School Counselor - Training & Careers

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School CounselorSchool counselors provide an increasingly vital role on campus these days. Not only can school counselors offer indispensable career and coursework guidance, more and more they are asked to help seriously at-risk students to succeed in the classroom and in life. . According to federal statistics, there has never been a greater need for trained school counselors. If you have the strong desire to help people, you might consider training now for work in this demanding, satisfying field.

School counselors evaluate students' abilities, interests, and personality characteristics with the goal of providing guidance in the classroom. On one hand, they help students prepare for college entrance testing, advise them on technical careers, or help them receive special education. School counselors also may be called upon to administer tests, conduct one-on-one psychological counseling and assessment sessions, or work with families of students with behavioral problems.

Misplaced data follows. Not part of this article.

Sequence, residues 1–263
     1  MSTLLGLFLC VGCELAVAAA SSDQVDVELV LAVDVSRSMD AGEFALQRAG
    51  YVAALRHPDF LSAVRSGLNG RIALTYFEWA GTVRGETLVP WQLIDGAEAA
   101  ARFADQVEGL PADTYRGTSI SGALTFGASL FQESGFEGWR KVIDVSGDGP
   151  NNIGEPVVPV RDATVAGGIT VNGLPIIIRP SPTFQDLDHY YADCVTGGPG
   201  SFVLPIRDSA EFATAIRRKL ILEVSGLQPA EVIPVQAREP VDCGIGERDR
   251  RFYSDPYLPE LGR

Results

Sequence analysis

Most counselors work on a standard, school-year calendar, with a 2-3 month vacation each year. Others are called to work on a full-time annual schedule, depending upon the school district. According to the U.S. Bureau of Labor Statistics, school counselors held approximately 526,000 positions in 2002.

Preparing for the School Counseling Field

Licensing and certification for school counselors can vary from state to state. However, all require licensing and the completion of some graduate course work in counseling, teaching or psychology. Most states require the completion of a master’s degree. Depending upon your district, you may need both counseling and teaching certificates and in-classroom experience.

School counselor degree programs in colleges and universities usually are found in departments of psychology or education. In some states and districts a bachelor’s degree may qualify you to work as a school counseling aide, social service worker, or rehabilitation aide.